Trump eyes control of Consumer Protection
Further attempting to weaken the Obama-era Dodd-Frank legislation born to bolster protections for consumers, Donald Trump is now asking the courts to declare the Consumer Financial Protection Bureau an unconstitutional agency. According to Forbes, a ruling in the president’s favor would allow him to oust the agency’s director without cause, as is currently required. Forbes notes that this would allow Trump, who signed an executive order in February requiring a review of Dodd-Frank, to put significant political pressure on the director and subsequently undermine the agency’s independence from the Wall Street giants it was set up to regulate.
Disney fined over minimum wage
Following a Department of Labor investigation that found violations of the Fair Labor Standards Act, Walt Disney Co. has agreed to cough up $3.8 million in back wages, according to the Daily Caller over the weekend. The bulk of the fines will be dispersed to more than 16,000 hotel and time-share employees, whose paychecks included fee deductions to pay for costume or uniform costs, causing their hourly rates to ultimately fall below the federal minimum wage.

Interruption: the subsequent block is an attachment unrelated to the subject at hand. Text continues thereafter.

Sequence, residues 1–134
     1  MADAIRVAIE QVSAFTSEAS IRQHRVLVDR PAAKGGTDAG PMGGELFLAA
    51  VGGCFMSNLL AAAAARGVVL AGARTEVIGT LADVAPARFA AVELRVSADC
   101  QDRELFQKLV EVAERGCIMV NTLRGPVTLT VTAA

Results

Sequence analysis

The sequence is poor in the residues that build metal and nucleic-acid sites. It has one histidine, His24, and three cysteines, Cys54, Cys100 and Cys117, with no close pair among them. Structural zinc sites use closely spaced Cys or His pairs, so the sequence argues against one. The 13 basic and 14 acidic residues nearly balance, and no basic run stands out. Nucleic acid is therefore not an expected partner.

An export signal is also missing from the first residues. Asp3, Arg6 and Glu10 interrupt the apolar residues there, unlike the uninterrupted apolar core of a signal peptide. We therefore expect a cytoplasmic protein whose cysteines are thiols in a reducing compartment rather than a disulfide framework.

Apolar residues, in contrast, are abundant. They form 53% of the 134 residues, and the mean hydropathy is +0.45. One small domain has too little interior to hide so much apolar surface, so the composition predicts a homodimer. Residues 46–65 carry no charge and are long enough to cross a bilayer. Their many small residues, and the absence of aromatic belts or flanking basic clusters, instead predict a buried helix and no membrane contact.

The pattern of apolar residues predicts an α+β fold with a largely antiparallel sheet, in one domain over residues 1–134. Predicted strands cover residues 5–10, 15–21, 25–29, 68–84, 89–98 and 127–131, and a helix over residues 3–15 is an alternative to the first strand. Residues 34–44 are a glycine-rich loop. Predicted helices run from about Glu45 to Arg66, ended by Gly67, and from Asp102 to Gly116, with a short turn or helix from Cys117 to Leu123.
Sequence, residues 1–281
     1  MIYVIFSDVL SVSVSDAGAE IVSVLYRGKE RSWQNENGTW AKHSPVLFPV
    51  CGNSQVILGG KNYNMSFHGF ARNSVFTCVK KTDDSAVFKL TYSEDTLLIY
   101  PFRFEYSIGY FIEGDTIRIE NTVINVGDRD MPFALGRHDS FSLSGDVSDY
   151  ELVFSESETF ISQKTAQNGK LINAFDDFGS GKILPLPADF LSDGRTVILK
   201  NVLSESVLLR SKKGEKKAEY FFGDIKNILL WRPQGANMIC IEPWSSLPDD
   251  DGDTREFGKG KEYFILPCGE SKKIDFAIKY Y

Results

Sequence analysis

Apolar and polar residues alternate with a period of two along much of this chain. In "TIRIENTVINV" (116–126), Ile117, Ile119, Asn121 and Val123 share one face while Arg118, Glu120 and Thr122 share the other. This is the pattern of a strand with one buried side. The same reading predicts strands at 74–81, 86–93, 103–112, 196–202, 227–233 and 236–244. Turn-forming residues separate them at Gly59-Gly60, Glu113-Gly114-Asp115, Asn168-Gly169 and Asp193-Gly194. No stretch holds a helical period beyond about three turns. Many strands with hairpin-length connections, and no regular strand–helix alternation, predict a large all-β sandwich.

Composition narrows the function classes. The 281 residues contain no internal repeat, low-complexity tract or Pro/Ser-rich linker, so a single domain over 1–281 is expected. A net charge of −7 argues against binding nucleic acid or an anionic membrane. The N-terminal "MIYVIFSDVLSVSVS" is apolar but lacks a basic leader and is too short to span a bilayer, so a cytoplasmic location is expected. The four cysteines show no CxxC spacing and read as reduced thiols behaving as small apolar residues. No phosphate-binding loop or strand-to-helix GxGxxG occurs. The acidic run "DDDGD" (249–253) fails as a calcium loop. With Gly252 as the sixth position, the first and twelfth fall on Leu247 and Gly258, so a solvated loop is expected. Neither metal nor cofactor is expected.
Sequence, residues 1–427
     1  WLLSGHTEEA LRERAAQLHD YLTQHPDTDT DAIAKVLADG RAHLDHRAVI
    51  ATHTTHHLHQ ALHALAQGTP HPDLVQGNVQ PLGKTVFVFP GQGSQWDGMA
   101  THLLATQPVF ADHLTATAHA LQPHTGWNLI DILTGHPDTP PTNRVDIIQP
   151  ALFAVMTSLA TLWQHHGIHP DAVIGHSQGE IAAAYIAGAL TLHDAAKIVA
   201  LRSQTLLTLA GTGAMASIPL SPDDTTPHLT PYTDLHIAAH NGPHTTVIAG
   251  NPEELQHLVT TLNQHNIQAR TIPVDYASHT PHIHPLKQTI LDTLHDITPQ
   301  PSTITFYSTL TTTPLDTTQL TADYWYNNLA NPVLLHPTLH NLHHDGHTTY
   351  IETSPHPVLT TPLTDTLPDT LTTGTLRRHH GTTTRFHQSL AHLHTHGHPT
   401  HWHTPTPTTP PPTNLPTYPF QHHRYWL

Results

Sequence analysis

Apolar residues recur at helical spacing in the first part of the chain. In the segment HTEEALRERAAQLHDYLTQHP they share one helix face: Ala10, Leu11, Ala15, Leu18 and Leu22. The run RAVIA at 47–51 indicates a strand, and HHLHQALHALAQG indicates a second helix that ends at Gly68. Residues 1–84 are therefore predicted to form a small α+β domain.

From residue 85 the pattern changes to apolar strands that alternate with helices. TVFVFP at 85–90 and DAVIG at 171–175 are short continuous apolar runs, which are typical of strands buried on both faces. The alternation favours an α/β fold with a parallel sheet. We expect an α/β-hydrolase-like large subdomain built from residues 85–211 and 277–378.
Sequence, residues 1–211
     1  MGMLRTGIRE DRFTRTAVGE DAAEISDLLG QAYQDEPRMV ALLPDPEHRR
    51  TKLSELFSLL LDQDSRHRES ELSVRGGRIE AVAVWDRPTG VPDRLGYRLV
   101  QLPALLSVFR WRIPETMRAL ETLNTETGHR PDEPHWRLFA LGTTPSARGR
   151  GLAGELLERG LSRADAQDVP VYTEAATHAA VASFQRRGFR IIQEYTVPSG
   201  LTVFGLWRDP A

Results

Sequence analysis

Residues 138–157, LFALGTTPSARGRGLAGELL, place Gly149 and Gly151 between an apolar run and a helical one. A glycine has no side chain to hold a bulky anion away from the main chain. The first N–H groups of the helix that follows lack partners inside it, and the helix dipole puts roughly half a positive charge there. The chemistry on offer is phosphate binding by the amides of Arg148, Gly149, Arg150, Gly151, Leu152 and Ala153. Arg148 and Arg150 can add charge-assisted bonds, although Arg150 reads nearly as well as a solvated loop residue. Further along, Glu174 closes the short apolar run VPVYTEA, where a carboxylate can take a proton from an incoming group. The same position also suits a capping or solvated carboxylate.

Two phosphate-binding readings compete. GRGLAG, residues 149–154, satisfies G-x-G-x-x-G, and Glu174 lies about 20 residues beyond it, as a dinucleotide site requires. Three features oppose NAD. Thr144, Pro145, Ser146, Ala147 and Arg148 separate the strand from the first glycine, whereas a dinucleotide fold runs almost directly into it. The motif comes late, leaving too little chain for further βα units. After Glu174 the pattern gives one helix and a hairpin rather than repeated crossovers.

Walmart eyes hipsters, buys ModCloth
On the surface, Walmart and ModCloth couldn’t be more different. The former offers giant discounts on everything from household items to electronics at big box stores. The latter is a trendy online clothing retailer that sells hip, one-of-a-kind items to young hipsters. Despite their differences, the pair is now teaming up under the same roof. USA Today reports that Walmart, in an effort to allure younger shoppers and better compete with Amazon, has purchased ModCloth for an undisclosed price, although unnamed sources peg the price tag between $51 million and $70 million.
Student debt protections rolled back
President Trump late last week rescinded federal protections for students who would be charged big fees in the event they default on their school loans, according to the Washington Post. The revocation means the Education Department has instructed debt collectors to ignore an Obama-era memo that forbids them from tacking on fees as high as 16 percent on the principal and accrued interest of defaulted student loans held by guarantee agencies (but not the federal government), if the borrower entered the so-called Federal Family Education Loan Program within 60 days of defaulting.